The formation of hydrate has two major steps-nucleation and growth and is a time-dependent process. The knowledge of the dynamics of hydrate formation and accumulation of hydrate crystals is important in determining the parameters for mass production of gas hydrates, and in understanding plug conditions in the gas pipeline and other equipment  . The former has an advantage for natural gas storage as hydrate and the later has an advantage for preventing of hydrate blockage in offshore processing, production and transportation of oil and gas. The rate of hydrate formation can be calculated using the Equation (2.0)  :
where R is the rate of hydrate formation, K is the empirical kinetic parameter obtained by Englezos 1987, is the second moment of the particle size distribution for the hydrate crystals, f is the fugacity of the gas at the given conditions, and is the fugacity of the gas at equilibrium conditions. The fugacities required can be calculated using the CNGA equation of state for natural gas mixtures where the compressibility factor (Z) is:
P is the pressure (psig), SG the specific gravity of the gas relative to air, and T the temperature (˚R). The second moment of the particle size distribution () can be calculated by the following equations (Englezos et al. 1987):
M is the molecular mass of the hydrate, N is the number of moles of gas in solution at the given conditions, is the number of moles of gas in solution at the equilibrium conditions, V is the volume of water for the above number of moles of gas, ρ is the density of the hydrate, and r is the mean particle radius for the hydrate crystals.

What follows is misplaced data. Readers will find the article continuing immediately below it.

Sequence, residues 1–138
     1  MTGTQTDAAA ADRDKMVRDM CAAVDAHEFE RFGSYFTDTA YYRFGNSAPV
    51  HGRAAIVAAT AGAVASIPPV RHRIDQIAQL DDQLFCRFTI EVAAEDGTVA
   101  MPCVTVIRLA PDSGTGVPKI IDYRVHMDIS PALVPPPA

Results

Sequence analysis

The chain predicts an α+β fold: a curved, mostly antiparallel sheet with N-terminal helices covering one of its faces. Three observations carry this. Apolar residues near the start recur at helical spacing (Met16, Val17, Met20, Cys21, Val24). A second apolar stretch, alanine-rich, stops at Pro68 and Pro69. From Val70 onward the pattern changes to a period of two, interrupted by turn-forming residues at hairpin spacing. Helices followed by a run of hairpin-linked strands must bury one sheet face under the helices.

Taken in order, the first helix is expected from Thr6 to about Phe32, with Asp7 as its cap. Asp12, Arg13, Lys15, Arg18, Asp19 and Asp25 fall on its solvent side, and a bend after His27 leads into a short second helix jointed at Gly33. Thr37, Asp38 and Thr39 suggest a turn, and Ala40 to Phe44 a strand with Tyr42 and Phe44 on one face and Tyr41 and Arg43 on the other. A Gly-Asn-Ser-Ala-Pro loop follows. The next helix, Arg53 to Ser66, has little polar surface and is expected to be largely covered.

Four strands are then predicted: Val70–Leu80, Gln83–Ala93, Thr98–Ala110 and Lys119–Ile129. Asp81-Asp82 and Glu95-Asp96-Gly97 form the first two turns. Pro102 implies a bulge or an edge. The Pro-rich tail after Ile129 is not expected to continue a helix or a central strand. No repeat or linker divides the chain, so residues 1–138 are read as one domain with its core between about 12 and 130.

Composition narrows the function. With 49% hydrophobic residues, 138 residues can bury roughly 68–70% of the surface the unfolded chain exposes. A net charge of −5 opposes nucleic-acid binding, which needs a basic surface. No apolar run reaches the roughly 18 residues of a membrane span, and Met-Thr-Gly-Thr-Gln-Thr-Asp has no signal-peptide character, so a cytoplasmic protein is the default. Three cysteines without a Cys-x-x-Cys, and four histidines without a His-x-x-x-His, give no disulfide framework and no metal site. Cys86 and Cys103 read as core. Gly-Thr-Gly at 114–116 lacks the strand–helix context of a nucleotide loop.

4. Benefits of Gas Hydrate
Methane hydrate, commonly known as gas hydrate holds enormous amount of energy which cancan be used for different purposes. Natural gas contains mainly methane gas which is colorless, odorless and combusts completely to generate carbon dioxide, water and significant amount of energy. There are many gas hydrate deposits in permafrost and deepwater marines. Gas hydrate deposits can be explored to produce methane gas which can serve as a sustainable energy resource. Gas hydrate can also serves as a means of storing and transporting natural gas. This will serve as alternative solution to gas flaring of useful natural resource.
4.1. Gas Hydrate for Natural Gas Storage
Natural gas can be effectively and efficiently stored as gas hydrate. This can be achieved through proper study and understanding of the processes involved to convert the gas to hydrate and the processes required to prevent the hydrate from dissociating. The storage of natural gas as hydrates will require the synthesis of the hydrate and its regasification. This process is beneficial because the density of natural gas hydrates reduces the space requirements for the storage of natural gas. The stored gas can be used in the future and for peak-shaving applications to obtain a higher price for the natural gas as well as to ensure adequate natural gas supplies during periods of peak usage. Peak-shaving application is storing natural gas when natural gas demand is low, then selling the natural gas during periods of high demand.
Gas hydrate can be stored at equilibrium conditions with either its saturation temperature or pressure. The main factors that determine the optimum/limiting pressure and temperature are cost and weight of material, i.e. steel needed for hydrate storage vessel. There are basically three approaches to this operation to make it an economical process:
1) The first is the initial formation of large quantity of gas hydrates to avoid high pressure recompression on recycle,
2) In addition, reproducible, rapid conversion of the gas and water to hydrate to reduce the amount of water transported, and
3) Lastly, the transportation of gas hydrates to locations with small amount of refrigeration and dissociation units needed for the whole operation.
4.2. Sustainable Energy Resource